Steroid treatment in active Crohn's disease: a comparison between two regimens of different duration

Aliment Pharmacol Ther. 1994 Aug;8(4):465-8. doi: 10.1111/j.1365-2036.1994.tb00316.x.


Background: Steroids are highly effective in active Crohn's disease; clinical relapse following steroid withdrawal, however, is frequent. We used two steroid regimens of different duration in order to compare their efficacy in inducing and maintaining clinical remission.

Methods: Seventy patients with active Crohn's disease were treated with methylprednisolone 40 mg/day i.m. for 3 weeks and then with two different regimens of tapering dosage: one for a further 4 weeks and another for a further 12 weeks.

Results: Steroid therapy induced remission within 3 weeks in 91% of the whole group of patients; at the end of each protocol remission rates were 85% of patients in the group treated for the shorter period and 87% of those treated for the longer period (difference 2%, CI = -14 to 18, P = NS); remission rates within 6 months after stopping steroids were 53% and 37% respectively (difference 16%, CI = -9 to 41, P = NS).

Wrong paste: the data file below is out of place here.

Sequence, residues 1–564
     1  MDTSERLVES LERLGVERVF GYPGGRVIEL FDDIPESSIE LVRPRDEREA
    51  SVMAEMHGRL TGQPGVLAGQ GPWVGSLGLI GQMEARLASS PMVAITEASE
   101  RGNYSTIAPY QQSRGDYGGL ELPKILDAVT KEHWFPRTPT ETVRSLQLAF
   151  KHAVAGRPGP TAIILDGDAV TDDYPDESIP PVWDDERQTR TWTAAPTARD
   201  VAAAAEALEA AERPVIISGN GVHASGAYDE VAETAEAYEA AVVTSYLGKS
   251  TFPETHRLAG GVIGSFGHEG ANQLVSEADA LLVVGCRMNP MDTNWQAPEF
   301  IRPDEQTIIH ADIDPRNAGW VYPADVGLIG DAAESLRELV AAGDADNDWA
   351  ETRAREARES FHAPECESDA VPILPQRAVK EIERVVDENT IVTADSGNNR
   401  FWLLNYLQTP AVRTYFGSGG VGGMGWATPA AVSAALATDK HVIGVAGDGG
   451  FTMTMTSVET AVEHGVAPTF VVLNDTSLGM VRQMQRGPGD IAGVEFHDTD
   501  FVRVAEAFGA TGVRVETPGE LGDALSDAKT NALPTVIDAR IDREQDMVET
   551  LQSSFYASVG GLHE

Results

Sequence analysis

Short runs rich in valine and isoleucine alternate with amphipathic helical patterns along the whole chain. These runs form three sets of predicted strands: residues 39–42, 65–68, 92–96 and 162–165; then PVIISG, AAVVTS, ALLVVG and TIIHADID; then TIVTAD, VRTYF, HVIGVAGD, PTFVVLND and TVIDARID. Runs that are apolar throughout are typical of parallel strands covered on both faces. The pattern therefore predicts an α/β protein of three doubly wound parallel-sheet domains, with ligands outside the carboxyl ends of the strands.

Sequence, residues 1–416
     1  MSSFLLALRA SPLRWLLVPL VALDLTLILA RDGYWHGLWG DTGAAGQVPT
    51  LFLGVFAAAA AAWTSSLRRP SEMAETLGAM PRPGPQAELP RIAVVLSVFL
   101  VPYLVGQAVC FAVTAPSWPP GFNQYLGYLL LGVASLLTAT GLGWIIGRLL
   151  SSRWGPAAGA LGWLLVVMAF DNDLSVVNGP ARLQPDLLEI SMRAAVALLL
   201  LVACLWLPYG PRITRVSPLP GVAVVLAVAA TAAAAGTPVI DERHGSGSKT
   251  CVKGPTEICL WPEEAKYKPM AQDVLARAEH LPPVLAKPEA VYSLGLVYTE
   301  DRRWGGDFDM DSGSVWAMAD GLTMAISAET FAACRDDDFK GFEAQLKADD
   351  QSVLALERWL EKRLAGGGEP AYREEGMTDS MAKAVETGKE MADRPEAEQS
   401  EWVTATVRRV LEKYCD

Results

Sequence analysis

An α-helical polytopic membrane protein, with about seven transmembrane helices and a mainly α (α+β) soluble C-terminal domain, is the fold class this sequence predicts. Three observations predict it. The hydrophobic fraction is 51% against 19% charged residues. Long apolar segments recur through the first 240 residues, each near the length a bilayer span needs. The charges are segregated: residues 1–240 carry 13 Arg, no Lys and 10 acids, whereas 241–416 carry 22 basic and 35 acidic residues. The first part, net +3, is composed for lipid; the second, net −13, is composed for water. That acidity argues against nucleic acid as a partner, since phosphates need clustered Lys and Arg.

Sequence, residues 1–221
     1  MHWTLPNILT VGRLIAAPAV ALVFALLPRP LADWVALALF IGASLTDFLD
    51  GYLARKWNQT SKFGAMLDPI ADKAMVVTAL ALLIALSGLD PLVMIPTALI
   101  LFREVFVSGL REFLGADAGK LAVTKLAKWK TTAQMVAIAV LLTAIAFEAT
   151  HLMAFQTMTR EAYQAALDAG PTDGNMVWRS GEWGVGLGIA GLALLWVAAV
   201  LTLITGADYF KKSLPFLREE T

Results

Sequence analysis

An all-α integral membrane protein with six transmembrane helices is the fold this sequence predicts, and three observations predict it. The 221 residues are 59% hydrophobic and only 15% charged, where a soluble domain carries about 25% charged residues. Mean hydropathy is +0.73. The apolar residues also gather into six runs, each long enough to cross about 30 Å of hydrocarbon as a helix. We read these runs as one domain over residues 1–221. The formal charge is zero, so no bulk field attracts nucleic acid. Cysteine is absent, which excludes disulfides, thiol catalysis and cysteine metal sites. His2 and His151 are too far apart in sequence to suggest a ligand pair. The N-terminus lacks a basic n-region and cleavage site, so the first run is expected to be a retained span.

Conclusions: No significant differences were found between the two regimens. Multiple courses of steroid treatment in the previous 3 years and a short time interval following previous steroid treatment seem to be risk factors for relapse.

Publication types

  • Clinical Trial
  • Comparative Study
  • Randomized Controlled Trial

MeSH terms

  • Adult
  • Crohn Disease / drug therapy*
  • Drug Administration Schedule
  • Female
  • Humans
  • Life Tables
  • Methylprednisolone / administration & dosage*
  • Remission Induction
  • Risk Factors


  • Methylprednisolone